Home > Awareness, Cybercrime, Data Protection, Facebook, Identity theft, Privacy, Scams, Social Media > Facebook: introduced a new “way of living”

Facebook: introduced a new “way of living”

On August 29, 2011, Facebook gave the false impression that it will offer better privacy settings by default and empower the user to control his/her audience and the information made available to other users (see: “How to adjust the new Facebook privacy settings”).

On September 23, 2011, Facebook announced its new “Read”, “Listened,” “Watched” and “Want” functions, which will certainly add more depth of user preferences for content published by media sharing applications as well as from retailers. However, this will also provide more specific monitoring and reveal more information about what users read, watched, listened to and wanted.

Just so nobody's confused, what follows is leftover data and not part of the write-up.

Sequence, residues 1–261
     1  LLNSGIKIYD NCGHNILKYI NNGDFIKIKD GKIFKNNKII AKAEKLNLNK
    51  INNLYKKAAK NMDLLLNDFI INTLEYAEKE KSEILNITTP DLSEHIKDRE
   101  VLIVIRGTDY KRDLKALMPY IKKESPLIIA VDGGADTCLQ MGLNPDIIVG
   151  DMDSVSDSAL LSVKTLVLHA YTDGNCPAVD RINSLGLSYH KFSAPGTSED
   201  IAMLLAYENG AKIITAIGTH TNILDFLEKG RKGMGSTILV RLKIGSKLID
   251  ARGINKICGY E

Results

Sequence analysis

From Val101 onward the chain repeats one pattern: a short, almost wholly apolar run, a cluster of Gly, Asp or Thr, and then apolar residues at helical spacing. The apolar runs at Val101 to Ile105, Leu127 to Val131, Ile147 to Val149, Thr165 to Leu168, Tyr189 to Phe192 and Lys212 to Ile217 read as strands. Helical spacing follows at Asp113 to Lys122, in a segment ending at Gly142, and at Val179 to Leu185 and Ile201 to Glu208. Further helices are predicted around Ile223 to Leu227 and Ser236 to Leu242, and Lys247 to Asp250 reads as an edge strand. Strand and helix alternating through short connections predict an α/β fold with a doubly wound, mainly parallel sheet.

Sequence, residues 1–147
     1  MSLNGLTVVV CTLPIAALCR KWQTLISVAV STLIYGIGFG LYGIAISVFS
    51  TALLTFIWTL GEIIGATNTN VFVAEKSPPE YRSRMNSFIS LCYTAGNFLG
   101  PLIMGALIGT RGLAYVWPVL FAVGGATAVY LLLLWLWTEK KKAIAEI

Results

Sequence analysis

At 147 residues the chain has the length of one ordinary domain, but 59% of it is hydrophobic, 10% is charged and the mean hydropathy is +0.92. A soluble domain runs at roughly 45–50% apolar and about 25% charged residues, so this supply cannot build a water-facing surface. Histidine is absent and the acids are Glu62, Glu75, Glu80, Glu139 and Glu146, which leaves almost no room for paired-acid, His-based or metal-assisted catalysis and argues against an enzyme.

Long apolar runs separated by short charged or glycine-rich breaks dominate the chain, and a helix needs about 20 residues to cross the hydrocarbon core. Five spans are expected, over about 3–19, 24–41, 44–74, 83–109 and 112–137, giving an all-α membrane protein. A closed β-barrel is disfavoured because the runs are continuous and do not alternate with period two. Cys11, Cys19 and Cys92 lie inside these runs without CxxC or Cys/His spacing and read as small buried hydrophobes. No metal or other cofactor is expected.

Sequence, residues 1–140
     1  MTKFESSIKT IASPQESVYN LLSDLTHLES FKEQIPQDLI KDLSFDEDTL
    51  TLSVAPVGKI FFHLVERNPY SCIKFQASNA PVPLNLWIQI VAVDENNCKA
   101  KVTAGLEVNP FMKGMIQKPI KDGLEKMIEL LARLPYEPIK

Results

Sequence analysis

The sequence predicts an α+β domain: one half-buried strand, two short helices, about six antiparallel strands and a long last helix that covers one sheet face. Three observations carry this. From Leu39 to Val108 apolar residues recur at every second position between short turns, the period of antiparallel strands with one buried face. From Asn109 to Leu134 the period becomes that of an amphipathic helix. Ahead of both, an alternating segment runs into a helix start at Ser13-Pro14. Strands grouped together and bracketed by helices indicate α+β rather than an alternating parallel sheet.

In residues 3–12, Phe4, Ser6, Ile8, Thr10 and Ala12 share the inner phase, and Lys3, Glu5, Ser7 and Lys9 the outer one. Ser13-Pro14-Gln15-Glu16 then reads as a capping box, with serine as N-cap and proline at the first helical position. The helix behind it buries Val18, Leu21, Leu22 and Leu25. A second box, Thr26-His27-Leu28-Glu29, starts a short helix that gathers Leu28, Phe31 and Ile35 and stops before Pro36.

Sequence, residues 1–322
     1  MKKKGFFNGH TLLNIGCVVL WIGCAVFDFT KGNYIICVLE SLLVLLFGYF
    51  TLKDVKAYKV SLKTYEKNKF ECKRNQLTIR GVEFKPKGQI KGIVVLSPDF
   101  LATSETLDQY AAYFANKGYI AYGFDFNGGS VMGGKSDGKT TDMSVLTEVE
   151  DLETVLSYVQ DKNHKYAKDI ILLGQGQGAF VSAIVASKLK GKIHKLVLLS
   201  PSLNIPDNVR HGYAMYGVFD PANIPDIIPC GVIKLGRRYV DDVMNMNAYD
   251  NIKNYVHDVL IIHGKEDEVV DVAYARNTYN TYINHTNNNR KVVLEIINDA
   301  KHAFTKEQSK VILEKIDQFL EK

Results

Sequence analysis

Who wins?

Advertisers and Facebook win the advantage because they will deliver advertising tailored to specific users and they will always know precisely what a particular user likes, wants in terms of content (i.e. topics, videos) and products (i.e. brand names, vacations, etc). And that will be broadcasted live as the new “Ticker” function will be providing through Live Feeds, what a user does in real time, likes, eats, listen to, walks, visits, etc.

But what does the user get? The user will receive advertising, Live feeds about his “friends” and more targeted group suggestions, but ultimately the same user even loses the small amount of privacy they had with only the “Like” button. For more details visit this page.

Furthermore, these new features – announced during the F8 Conference and called “Timeline” – are in fact a visual representation of the user’s online activity, which along with the live feeds brought by “Ticker”, a new Facebook feature, provide a very accurate profile of a particular user.